Simply by happenstance, my father and I attended the first home game the New York Yankees played after the tragedy. My father had purchased the tickets long in advance, so it was strictly a coincidence that we attended that game, but I’m glad we went to it. As the Yankees honored Munson with a video tribute on the scoreboard, the fans responded with an ovation that lasted almost continuously for 10 minutes. It was like nothing I had seen or heard before.

Of course, there was no way Topps could have known this would be Munson’s final regular issue card. But the card does provide a fitting tribute to a beloved player. This photo, taken in close-up by a Topps photographer, captures Munson how I remember him, with his unkempt hair bursting out from either side of his cap, his heavy sideburns practically obstructing his left ear, and his lengthy mustache in full bloom. There’s also evidence of a bit of five o’clock shadow, appropriate for a player who once challenged George Steinbrenner by defying team rules and growing a beard.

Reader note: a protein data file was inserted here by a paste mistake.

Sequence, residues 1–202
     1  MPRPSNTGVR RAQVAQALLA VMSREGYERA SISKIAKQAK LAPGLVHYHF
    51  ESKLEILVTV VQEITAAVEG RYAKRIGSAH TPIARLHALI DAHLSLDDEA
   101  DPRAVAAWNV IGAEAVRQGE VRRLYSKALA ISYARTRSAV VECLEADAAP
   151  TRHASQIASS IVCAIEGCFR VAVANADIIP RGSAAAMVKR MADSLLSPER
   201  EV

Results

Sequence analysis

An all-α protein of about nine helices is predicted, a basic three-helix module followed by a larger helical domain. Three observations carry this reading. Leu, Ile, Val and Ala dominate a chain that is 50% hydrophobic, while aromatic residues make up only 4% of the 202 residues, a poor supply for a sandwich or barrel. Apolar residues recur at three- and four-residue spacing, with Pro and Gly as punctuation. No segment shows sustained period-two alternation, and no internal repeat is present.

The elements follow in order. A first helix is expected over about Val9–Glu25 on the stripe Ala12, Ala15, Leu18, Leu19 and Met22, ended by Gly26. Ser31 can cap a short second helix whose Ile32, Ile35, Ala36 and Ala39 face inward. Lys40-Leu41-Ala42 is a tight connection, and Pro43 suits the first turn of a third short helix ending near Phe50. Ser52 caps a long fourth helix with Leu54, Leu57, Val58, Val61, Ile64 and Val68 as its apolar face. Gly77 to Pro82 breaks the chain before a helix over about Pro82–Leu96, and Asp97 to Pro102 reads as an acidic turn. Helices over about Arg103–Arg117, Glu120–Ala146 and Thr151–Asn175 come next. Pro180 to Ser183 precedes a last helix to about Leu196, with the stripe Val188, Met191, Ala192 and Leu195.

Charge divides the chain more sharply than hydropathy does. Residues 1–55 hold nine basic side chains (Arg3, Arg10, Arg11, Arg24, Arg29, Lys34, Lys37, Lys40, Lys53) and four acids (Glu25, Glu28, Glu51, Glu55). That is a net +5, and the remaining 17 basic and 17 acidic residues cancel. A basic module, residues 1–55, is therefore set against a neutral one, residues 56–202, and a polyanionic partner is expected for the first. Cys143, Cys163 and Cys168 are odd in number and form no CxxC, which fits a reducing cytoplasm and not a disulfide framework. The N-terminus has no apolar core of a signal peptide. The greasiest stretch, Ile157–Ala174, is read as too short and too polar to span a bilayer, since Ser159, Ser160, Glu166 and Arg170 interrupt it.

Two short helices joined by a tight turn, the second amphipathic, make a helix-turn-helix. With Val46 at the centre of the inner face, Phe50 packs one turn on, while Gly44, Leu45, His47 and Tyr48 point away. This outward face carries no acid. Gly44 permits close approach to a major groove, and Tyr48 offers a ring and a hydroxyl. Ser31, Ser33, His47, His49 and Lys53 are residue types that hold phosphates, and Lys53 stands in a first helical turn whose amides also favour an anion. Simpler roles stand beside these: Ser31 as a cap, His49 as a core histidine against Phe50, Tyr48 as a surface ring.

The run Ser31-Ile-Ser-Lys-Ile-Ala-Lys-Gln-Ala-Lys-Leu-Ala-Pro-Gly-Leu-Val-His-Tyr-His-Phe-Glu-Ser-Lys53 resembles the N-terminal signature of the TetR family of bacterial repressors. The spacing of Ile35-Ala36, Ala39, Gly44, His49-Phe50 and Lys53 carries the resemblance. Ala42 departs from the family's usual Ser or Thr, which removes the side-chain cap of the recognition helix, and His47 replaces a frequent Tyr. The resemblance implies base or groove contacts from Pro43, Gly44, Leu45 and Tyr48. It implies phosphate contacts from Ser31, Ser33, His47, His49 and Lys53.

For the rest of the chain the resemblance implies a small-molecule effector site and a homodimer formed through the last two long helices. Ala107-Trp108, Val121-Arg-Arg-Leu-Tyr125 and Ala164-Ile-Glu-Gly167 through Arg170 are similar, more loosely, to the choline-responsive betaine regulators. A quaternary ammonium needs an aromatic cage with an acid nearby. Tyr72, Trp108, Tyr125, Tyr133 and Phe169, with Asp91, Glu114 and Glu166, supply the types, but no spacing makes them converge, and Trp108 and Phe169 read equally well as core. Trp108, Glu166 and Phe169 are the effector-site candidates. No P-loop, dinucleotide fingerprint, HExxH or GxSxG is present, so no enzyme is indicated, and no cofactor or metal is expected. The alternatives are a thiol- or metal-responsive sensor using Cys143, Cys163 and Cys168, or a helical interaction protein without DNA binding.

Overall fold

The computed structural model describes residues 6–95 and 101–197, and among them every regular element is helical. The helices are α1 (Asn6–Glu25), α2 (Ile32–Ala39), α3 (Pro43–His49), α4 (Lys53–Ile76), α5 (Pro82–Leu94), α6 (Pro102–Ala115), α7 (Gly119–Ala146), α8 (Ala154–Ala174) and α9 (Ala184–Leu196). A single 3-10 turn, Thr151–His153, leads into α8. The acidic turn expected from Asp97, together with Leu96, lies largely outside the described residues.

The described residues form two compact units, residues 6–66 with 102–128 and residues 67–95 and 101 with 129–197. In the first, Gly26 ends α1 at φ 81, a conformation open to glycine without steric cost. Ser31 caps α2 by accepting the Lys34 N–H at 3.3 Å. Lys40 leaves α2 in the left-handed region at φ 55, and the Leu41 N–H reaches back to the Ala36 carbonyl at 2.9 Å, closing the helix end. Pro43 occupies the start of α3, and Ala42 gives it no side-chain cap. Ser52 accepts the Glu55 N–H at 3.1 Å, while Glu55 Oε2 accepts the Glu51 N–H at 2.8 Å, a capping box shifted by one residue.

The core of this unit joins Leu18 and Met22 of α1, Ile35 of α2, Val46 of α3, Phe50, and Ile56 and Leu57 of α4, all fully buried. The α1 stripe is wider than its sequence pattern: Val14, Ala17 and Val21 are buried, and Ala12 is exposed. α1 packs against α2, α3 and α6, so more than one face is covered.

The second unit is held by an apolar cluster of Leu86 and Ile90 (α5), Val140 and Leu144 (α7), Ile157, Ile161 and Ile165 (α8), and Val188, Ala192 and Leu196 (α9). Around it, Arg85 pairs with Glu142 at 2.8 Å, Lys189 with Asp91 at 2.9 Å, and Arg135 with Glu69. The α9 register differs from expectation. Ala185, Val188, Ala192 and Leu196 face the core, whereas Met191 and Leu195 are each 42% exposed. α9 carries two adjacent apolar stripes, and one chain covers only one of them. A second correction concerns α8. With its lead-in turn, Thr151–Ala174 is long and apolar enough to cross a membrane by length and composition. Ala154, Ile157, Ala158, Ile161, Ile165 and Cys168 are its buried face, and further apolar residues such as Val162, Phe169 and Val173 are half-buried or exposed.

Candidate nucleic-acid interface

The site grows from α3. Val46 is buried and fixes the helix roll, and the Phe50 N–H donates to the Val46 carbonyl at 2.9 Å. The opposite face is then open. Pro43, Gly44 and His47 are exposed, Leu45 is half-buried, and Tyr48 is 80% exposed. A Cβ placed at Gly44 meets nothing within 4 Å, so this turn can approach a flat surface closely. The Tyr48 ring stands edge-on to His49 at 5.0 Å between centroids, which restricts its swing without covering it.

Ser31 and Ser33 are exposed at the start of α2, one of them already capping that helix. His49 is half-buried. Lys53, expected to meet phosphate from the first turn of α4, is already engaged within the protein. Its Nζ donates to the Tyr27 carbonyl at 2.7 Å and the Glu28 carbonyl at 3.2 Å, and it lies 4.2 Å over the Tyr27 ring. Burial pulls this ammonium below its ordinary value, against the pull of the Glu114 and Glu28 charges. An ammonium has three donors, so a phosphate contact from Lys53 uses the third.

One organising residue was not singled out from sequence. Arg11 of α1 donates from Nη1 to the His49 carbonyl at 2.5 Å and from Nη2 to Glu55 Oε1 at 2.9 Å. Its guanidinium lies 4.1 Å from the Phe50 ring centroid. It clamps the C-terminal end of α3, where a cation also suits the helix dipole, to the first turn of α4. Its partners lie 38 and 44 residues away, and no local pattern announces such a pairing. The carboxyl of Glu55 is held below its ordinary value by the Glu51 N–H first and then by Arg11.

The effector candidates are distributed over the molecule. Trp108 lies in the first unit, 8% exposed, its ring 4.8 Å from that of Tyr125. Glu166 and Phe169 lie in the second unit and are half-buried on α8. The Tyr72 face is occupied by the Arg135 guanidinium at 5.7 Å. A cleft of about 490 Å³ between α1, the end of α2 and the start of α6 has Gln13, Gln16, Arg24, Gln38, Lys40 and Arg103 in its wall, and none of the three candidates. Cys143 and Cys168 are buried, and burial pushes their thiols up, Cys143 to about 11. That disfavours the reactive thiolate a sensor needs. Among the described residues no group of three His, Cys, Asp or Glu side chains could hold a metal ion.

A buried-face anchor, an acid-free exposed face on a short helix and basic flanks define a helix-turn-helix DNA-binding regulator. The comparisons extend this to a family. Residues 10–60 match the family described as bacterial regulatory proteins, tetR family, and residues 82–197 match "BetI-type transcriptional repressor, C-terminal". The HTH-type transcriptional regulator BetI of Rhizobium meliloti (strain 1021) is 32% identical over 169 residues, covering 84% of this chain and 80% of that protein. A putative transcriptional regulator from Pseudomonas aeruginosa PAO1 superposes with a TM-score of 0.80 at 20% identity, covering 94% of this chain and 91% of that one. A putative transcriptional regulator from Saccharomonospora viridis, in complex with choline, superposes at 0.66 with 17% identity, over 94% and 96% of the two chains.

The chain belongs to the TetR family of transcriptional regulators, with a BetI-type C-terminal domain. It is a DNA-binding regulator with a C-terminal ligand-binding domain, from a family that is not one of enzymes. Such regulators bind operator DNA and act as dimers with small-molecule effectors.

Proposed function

This card is classic Munson.

Don Stanhouse (No 119): In complete contrast to the Munson card, this card always brings a smile to my face. The Three Stooges also come immediately to mind when I take a gander at this wonderful piece of cardboard. More specifically, I think of a comedic genius named Larry Fine, one of the original members of the Stooges, known for his odd voice and his unusual coiffure, which burst out in curly tumbleweeds, juxtaposed against the scant patch of hair on the top of his head. Fine often looked like he had never applied a comb to his hair, with its frazzled look only augmenting his comedic efforts.